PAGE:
I wrote on Monday about the many desperate parents who have approached me after losing their children to social services. One thing that they all have in common is shock at how quickly the system seems to decide against them, and at how doggedly it sticks to that view despite all evidence to the contrary. Some parents find that minor issues are magnified until the conclusions reached are out of all proportion. The opposite also seems to hold true: some children come to terrible harm because the system systematically underestimates the risk to them.
Why does this happen? Eileen Munro, a reader in social policy at the London School of Economics and the author of Effective Child Protection, says that “child protection work inevitably involves uncertainty, ambiguity and fallibility”. She believes that it is human nature to form a view based on first impressions, and stick to it. “This has a devastating impact in child protection work,” she says, “in that professionals hold on to their beliefs about a family despite new evidence that challenges them. It can be equally harmful whether they are over or underestimating the degree of the risk to the child. They may continue to believe parents are doing well, even though there are successive reports of the child's being distressed or injured. Innocent parents wrongly judged abusive can face the frightening experience of being unable to shake the professionals' conviction, however much counter-evidence they produce.”
The risk of groupthink makes it all the more important that decisions are transparent and open to review. We all know of the tragic deaths of children such as Victoria Climbié, who with hindsight should have been saved. We know much less about the tragedies of children wrongly separated from their families, because of the secrecy of the system.
There are several types of allegation that are almost impossible for parents to disprove. One is “emotional abuse”. You can see why the category exists. Ill-treatment comes in many forms, not all of which leave visible scars. But in that nebulous phrase lurks the potential for injustice. In the past ten years there has been a 50per cent increase in the number of parents or carers accused of “emotional abuse”. It now accounts for 21 per cent of all children registered as needing protection, up from 14 per cent in 1997. Yet the term has no strict definition in British law.
Emotional abuse is not “neglect”: that is a separate category. The Department of Health defines it as “persistent emotional ill-treatment ... [that] may involve conveying to children that they are worthless or inadequate ... and may feature age or developmentally inappropriate expectations being placed on children ... Some level of emotional abuse is involved in all types of illtreatment of a child, though it may occur alone.”
Local authorities interpret this in different ways. In Nottingham, emotional abuse is “an ingrained pattern of interaction ... which it is essential to observe and understand over time”. In Enfield it includes “swearing”, “conditional love” or “discriminatory remarks”. I have heard anecdotally of councils, including West Sussex and Cambridge, that almost never use the term. There are no statistics to confirm this. But it seems that child protection is as much of a postcode lottery as cancer screening.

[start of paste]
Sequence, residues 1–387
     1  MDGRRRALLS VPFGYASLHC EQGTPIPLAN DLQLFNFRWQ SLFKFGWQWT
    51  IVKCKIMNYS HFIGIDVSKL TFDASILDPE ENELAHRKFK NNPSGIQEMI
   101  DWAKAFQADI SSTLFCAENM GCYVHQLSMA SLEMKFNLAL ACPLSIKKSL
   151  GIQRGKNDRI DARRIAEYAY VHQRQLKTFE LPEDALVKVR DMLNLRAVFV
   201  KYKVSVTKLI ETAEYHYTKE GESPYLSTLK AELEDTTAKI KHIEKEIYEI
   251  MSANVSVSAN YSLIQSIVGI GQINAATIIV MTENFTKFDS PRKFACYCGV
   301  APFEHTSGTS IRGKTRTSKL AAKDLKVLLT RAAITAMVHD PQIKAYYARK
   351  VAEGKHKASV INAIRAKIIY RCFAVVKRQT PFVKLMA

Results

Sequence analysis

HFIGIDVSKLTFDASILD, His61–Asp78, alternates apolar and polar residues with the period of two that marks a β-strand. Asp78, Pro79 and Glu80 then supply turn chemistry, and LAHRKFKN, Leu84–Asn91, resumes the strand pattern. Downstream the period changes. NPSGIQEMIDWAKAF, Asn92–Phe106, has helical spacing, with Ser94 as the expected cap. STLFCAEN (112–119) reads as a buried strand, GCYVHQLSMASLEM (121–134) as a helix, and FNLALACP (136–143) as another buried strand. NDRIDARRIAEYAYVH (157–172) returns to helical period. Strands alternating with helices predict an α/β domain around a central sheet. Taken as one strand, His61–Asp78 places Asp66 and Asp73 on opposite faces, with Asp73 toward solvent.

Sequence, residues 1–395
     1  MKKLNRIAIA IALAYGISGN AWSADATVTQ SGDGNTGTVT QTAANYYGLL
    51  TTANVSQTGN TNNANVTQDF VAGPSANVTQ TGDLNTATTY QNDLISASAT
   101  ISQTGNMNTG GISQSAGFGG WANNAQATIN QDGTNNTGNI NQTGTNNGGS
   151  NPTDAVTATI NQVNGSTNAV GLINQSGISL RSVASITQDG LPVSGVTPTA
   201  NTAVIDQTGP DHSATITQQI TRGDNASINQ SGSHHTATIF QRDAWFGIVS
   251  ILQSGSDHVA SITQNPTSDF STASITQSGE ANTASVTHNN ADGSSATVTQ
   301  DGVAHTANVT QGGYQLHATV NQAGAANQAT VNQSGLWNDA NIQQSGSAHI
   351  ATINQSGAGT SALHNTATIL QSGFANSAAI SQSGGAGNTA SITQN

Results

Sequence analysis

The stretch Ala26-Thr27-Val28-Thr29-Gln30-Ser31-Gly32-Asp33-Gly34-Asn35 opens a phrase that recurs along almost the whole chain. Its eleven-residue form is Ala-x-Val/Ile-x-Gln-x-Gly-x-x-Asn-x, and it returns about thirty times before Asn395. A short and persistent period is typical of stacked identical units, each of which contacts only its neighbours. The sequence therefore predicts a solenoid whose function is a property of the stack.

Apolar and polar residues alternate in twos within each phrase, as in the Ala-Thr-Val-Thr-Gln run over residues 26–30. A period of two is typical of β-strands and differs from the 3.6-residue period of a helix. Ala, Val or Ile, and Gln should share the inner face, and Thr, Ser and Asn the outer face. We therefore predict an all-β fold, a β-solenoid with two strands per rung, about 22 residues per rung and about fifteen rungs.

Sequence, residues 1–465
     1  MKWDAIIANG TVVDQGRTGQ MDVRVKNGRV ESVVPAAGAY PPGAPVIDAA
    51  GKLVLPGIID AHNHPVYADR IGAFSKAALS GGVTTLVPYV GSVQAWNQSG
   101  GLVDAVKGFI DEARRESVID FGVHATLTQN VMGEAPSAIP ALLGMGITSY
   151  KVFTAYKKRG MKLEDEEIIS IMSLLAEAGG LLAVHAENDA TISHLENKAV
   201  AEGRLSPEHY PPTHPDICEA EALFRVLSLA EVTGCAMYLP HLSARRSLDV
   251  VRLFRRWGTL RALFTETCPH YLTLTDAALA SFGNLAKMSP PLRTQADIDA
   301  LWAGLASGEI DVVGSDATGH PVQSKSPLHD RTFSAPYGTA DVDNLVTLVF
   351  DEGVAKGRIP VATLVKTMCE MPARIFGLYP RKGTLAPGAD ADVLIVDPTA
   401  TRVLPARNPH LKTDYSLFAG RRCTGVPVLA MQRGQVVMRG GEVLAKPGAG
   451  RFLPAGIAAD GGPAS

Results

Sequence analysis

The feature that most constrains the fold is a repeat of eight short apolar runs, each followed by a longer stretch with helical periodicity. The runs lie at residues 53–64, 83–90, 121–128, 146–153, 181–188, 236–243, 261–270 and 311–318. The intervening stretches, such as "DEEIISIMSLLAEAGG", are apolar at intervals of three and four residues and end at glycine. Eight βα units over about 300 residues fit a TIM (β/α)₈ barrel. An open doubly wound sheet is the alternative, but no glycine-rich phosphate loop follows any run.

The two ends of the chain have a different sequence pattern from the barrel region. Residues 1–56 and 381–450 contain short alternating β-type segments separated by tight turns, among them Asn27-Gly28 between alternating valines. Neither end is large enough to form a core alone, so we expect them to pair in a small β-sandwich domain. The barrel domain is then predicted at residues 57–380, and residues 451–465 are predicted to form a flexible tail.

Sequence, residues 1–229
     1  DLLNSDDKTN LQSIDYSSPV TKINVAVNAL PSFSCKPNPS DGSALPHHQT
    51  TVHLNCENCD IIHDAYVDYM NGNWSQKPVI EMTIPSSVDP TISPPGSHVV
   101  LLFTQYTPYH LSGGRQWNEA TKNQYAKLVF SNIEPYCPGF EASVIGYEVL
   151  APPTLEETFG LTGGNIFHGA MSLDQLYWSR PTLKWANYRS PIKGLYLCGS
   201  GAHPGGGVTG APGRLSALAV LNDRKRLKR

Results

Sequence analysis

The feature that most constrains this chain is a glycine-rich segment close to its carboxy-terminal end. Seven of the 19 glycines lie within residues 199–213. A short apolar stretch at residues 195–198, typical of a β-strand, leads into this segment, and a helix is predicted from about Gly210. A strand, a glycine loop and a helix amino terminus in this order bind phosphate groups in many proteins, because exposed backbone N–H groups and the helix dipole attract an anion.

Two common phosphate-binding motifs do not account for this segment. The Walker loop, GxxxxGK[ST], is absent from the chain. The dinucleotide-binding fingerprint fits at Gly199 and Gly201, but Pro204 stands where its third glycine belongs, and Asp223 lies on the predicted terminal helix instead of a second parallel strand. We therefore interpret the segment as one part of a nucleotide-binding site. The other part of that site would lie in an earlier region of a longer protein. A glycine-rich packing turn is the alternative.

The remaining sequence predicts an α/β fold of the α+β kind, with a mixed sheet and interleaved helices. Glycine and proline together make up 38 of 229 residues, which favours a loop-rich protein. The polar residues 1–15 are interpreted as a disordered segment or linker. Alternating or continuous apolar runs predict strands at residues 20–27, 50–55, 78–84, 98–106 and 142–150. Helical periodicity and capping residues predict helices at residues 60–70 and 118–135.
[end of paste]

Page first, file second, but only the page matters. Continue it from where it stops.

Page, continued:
Expert medical evidence is also notoriously difficult to disprove, even where there is no circumstantial evidence. Lord Justice Judge (who was named as the next Lord Chief Justice yesterday) has warned against an “over-dogmatic” approach in the criminal courts, when we are “still at the frontiers of knowledge”. But it is less clear how family judges should treat syndromes such as Munchausen's syndrome by proxy (MSbP).
Since the discrediting of Professor Sir Roy Meadow, who first defined it, Munchausen's has been relabelled as “fabricated or induced illness”. This is a perverse disorder in which an adult invents or deliberately creates a child's illness to draw attention to himself or herself. Even the experts agree that Munchausen's is rare, likely to affect no more than 50 people a year. But campaigners fear that far more people are being accused of it. For the traits of the Munchausen mother are broad enough to cast suspicion on many whose children are genuinely ill. They include a reluctance to leave the sick child's side, familiarity with medical terms and, most devastating, the denial of accus-ations of abuse.
Two years ago, a group of MPs with falsely accused constituents asked the Government how many people nationally were accused of having MSbP. The Government replied that it did not collect such data - even though Department of Health guidelines tell charity workers, nursery nurses, teachers and even pharmacists to look out for the condition.
Last year, social workers in Hexham told a pregnant student at Edinburgh University that she was in danger of developing MSbP when her baby was born, so they were thinking of removing the baby at birth. The student, Fran Lyon, had developed self-harming and eating disorders seven years earlier, after being raped. But these are disorders from which she has fully recovered. The psychiatrist who treated her as a teenager states that she poses no harm to her child. So does another psychiatrist, who knows Lyon through her charity work. The only person who seems to have entertained the idea that she could develop MSbP is a paediatrician who has never met her. But social workers have given his evidence more weight. Lyon fled to Europe last year, unable to trust her own country, and is now in a legal limbo.
To err is human. To refuse to acknowledge that is inhumane. No professional can be right all the time, particularly in this fraught territory. That is why wholesale reforms are needed - as I will explain tomorrow.